3 ways to combat cyberloafing at work Mar27

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3 ways to combat cyberloafing at work

cyberloafingCyberloafing. Procrasta-webbing. Planning your wedding.  Call it what you will.

A recent study coming out of Kansas State University claims that 60 to 80% of an employee’s time on the internet is spent doing anything but work.

Who’s to blame? Some say management. Others are blaming daylight savings time. And some are simply calling it the new “coffee break.”

We say, whatever is causing this mass midday slack off, only you can identify whether or not it’s a problem. A few clues to start with? Answer these questions with a simple yes or no:

  • Do you have more than 10 tabs open on your browser?
  • Do you live in fear of someone seeing your search history?
  • Are you acutely aware of your monitor positioning at all times?
  • Is it post-10am and your Facebook has seen more action than Outlook?

Alright, if your hand is now firmly in the air, you may indeed have a problem. Here are our top 3 remedies for combatting cyberloafing before it gets you in trouble:

Identify your triggers 

Spend some time getting in tune with your cyberloafing habits. When do you loaf? Is it first thing in the morning or is it right before you need to tackle that extra sensitive to-do list item? Your leisure-browsing may be less about downtime and more about avoidance.  By anticipating your weakest moments, you may be able to stay the course by working through temptation.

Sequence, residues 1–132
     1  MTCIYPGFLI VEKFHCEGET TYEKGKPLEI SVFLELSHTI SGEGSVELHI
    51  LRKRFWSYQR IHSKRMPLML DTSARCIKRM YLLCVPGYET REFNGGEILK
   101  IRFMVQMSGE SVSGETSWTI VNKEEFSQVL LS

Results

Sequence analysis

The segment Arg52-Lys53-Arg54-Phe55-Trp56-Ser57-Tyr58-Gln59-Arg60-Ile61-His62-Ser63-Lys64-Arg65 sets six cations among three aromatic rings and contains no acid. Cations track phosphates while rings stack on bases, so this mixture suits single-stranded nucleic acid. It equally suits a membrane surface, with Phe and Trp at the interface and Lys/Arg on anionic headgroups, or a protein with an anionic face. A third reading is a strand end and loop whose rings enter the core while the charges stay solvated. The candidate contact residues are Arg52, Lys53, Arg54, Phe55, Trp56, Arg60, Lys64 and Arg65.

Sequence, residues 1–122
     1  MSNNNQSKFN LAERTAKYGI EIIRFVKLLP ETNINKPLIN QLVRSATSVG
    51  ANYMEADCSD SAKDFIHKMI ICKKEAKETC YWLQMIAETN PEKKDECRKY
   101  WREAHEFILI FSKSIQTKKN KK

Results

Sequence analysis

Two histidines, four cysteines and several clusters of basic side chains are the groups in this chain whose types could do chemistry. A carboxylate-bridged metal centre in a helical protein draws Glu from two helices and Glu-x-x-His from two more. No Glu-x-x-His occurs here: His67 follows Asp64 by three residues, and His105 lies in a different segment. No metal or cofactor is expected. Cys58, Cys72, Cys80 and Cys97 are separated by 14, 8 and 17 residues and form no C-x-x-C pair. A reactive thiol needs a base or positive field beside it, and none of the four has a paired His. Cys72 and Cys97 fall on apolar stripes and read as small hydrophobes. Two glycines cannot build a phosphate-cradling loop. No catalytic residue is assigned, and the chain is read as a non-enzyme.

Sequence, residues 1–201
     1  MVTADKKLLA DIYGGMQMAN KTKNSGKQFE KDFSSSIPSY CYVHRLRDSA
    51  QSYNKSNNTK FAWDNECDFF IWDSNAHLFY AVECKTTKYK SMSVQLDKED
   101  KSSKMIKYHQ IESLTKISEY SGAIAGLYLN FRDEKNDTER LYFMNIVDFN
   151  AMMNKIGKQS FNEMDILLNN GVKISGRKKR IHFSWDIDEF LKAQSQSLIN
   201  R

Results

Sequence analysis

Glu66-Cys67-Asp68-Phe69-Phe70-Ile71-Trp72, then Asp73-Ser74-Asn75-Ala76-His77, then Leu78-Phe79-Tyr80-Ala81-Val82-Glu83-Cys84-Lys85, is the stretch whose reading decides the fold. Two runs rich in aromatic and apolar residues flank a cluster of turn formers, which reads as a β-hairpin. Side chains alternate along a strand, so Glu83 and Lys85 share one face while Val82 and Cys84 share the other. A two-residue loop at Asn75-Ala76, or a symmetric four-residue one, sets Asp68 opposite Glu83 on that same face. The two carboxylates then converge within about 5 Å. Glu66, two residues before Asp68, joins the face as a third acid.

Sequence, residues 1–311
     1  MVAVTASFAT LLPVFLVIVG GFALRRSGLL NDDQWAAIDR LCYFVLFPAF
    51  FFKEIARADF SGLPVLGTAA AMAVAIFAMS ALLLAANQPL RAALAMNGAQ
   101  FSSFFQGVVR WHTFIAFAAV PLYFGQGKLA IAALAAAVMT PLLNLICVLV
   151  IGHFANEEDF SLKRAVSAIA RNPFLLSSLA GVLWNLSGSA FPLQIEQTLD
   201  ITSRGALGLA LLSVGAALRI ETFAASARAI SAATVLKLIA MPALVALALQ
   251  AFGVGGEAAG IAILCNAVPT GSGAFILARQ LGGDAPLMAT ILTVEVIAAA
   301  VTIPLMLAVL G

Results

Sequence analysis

Develop a new habit

Maybe your cyberloafing is starting to feel a little like nail biting? You don’t even know it’s happening. Sometimes the best way to break a habit is to replace a habit. When you feel yourself about to head to the dark-side (i.e. Facebook), why not get up from your desk for a drink of water, empty your recycling bin or head for a bathroom break. By the time you get back, you may have had one of those brief-but-inspiring hallway conversations – and been pulled right back on track.

Schedule it in

Dr. Pavlov’s genius never fails. Rewards are important. If cyberloafing is something you enjoy (and who doesn’t), why not add it to your daily schedule? Either set a defined time period when you’re free to roam the web or – even better – gift yourself blocks of me-time for completing more work-related tasks.

And remember, at the end of the day, if you’re more interested in the HuffPost than fill-in-your-company-name, you may just be in the wrong job. When you love what you do, where you do it and who you do it with, the breaking news is what you’re doing – not what someone else has done.